Actually, all of the input files provided in the APBS examples/ directory demonstrate this in a variety of ways. Some of the examples remove self-energies by calculating solvation energies while other examples remove self-energies by using exactly the same grid positions for all atoms in each part of the calculation.

Hope this helps,

Nathan

--

Nathan Baker (http://bakergroup.wustl.edu)

Associate Professor, Dept. of Biochemistry and Molecular Biophysics

Director, Computational and Molecular Biophysics Graduate Program

Center for Computational Biology, Washington University in St. Louis

On Fri, Dec 11, 2009 at 9:23 AM, Gatti, Domenico <dgatti@med.wayne.edu> wrote:

Hi All,

Could we post an EXAMPLE SCRIPT of how the corrections suggested by

Gernot and Nathan for Dziedzic's simple calculation of two point charges

should be implemented? Does this mean that the grid artifact subtraction

should be carried out always in all the APBS calculations? Perhaps, this

occurs already by default, and I did not realize it.

Best,

Domenico

Domenico Gatti

Biochemistry & Mol. Biology

Wayne State University School of Medicine

540 E. Canfield Avenue

Detroit, MI 48201

Tel: 313-577-0620 or 313-993-4238

Fax: 313-577-2765

dgatti@med.wayne.edu

Hi All --

Gernot is absolutely correct. I would also add that, after correcting the

issues Gernot raised below, you should also examine the sensitivity of your

results on "chgm spl0" vs. "chgm spl2" since charge discretization can

affect these types of calculations as well.

Thanks,

Nathan

On Dec 10, 2009, at 9:31 AM, Gernot Kieseritzky wrote:

> Hi!

>

> On Wed, 2009-12-09 at 17:49 +0000, J.Dziedzic wrote:

>> Hi!

>>

>> I am confused about the result of a very simple calculation when done

>> with APBS. Consider a trivial system of two point charges with unit

>> charges at a separation of 1 Bohr length, in vacuum. The Coulombic

>> energy of this system is exactly 1 Hartree, that is 2625.5 kJ/mole.

>> ...

>> ... APBS yields 31740 kJ/mole, which off by a factor of 12. Making the

>> grid finer only makes things worse, the results being:

>>

>> dime Energy (kJ/mole)

>> 65 1.209E04

>> 129 2.222E04

>> 193 3.174E04

>> 257 4.058E04

>> 289 4.539E04

>>

>> which are all way off, by a factor of 5-20, from the correct value of

>> 2625.5 kJ/mole.

>>

>> I understand that normally one is interested in energy differences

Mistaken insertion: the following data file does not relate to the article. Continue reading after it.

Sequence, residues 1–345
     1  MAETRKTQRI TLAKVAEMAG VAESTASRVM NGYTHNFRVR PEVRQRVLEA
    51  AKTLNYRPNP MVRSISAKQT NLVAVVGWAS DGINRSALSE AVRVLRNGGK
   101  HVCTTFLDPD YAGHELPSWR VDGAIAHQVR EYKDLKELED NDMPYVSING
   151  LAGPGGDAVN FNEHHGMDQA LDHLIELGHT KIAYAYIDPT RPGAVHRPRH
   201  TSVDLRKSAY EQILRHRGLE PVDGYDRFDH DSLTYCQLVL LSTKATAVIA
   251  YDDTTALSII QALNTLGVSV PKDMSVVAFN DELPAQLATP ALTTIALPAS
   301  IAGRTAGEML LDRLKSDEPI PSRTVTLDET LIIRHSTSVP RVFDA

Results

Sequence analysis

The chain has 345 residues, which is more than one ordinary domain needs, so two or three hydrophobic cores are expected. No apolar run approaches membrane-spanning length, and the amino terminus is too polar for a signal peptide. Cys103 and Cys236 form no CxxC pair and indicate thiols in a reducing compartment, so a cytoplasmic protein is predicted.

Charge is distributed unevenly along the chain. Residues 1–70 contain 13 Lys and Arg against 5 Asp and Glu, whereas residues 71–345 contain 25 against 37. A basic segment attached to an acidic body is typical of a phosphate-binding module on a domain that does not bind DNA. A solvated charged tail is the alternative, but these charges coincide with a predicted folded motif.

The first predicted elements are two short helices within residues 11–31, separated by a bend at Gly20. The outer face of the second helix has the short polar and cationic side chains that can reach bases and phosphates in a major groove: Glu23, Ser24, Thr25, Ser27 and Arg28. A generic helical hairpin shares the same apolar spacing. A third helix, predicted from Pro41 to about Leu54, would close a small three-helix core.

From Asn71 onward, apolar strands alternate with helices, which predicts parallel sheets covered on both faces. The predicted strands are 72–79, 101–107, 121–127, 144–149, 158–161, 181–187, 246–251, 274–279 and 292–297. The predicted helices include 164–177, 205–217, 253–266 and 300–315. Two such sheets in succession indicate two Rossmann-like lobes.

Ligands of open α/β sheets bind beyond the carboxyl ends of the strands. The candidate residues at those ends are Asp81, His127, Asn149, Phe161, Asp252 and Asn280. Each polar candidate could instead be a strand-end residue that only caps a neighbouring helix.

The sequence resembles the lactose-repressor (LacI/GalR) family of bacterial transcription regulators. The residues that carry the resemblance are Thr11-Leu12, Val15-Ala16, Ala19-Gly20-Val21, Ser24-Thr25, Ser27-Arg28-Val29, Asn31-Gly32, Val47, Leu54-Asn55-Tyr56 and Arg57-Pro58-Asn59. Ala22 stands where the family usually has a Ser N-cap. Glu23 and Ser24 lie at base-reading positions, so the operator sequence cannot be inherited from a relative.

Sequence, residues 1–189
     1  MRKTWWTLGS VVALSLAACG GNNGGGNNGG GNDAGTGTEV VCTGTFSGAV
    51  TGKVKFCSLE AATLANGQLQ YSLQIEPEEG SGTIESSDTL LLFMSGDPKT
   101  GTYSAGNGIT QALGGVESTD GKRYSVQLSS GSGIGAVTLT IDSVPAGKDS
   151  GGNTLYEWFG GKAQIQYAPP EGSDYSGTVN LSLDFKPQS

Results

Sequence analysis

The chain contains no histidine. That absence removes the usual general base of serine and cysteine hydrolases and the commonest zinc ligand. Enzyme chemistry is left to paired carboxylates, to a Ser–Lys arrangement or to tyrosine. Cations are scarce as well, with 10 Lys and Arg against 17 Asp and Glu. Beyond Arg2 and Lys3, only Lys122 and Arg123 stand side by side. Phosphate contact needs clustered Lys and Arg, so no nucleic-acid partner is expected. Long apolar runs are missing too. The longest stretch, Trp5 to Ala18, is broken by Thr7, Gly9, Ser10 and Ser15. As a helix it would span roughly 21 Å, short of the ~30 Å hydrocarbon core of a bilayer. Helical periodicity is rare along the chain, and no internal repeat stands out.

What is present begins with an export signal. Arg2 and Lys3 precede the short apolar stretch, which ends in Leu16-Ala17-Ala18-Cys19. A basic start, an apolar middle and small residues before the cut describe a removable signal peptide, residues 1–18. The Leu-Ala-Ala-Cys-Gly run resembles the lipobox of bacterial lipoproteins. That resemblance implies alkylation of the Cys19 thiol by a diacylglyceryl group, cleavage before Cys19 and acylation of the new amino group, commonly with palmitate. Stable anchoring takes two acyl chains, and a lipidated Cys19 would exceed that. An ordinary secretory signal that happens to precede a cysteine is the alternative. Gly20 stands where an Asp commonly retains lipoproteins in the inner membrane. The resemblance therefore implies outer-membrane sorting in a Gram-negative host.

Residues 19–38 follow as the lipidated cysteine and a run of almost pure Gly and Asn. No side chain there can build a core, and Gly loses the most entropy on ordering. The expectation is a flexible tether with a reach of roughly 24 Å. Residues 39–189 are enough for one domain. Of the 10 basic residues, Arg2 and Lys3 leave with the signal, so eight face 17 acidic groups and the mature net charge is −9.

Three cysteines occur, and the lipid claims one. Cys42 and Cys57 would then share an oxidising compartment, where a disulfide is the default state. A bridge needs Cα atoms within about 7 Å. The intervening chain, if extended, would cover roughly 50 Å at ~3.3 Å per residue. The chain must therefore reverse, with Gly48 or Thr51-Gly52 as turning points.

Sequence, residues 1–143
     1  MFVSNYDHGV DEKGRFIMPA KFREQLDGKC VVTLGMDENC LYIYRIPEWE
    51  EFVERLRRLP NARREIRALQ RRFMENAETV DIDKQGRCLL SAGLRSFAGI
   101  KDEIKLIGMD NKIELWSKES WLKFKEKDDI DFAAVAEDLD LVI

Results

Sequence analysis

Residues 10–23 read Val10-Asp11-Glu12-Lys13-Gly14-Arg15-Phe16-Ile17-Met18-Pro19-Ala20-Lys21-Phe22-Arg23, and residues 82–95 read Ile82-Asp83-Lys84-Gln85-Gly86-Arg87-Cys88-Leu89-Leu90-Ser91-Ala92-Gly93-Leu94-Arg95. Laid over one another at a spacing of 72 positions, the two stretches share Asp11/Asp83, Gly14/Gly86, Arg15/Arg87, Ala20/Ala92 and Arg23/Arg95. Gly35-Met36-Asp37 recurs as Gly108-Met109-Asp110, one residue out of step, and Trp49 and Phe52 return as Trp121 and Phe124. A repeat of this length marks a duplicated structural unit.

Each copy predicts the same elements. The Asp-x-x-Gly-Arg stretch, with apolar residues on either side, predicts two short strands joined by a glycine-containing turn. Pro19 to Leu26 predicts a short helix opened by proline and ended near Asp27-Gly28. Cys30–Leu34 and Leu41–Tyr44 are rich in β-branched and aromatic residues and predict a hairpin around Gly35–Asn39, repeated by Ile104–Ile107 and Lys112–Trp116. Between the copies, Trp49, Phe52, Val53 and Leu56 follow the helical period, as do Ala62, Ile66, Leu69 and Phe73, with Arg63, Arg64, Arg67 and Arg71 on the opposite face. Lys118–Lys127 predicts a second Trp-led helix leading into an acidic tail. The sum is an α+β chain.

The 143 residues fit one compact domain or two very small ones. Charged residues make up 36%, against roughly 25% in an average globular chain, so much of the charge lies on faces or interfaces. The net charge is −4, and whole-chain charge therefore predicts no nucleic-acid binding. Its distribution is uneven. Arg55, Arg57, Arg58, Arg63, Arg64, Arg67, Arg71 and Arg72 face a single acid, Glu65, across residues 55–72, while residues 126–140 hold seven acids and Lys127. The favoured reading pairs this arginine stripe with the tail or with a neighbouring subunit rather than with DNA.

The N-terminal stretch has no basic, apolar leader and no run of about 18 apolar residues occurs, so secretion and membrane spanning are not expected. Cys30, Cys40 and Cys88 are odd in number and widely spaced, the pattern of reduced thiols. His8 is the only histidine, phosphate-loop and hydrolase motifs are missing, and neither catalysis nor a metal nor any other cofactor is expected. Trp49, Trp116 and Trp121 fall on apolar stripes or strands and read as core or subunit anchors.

>> between a system in vacuo and a solvated system, and any discretization

>> errors introduced are canceled if the grid is the same in both

>> calculations. Yet, with a system so trivial, without any dielectric

>> at all and, thus, without the arbitrariness of the cavity, what is the

>> underlying reason for the calculation being so off from the mark?

>

> Two words: grid artefact! Basically, the deviation is not due to

> numerical problems, rather the high energy values you observe are the

> result of the self-interaction of the grid points. That's why the

> deviation is increasing with higher resolution as the grid points are

> getting closer. What you have to do to get the total electrostatic

> energy of your system without self-energies:

>

> 1) Compute the Coulomb energy in the homogeneous continuum.

>

> 2) Compute the solvation energy of the same charge distribution using

> APBS. The grid artefact cancels as you calculate an energy difference

> here. This, of course, requires that you use the same grid setup in both

> APBS runs.

>

> 3) Add the values together.

>

> Best regards,

> Gernot Kieseritzky

------------------------------------------------------------------------------

Return on Information:

Google Enterprise Search pays you back

Get the facts.

http://p.sf.net/sfu/google-dev2dev

_______________________________________________

apbs-users mailing list

apbs-users@lists.sourceforge.net

https://lists.sourceforge.net/lists/listinfo/apbs-users

--

Nathan Baker (http://bakergroup.wustl.edu)

Associate Professor, Dept. of Biochemistry and Molecular Biophysics

Director, Computational and Molecular Biophysics Graduate Program

Center for Computational Biology, Washington University in St. Louis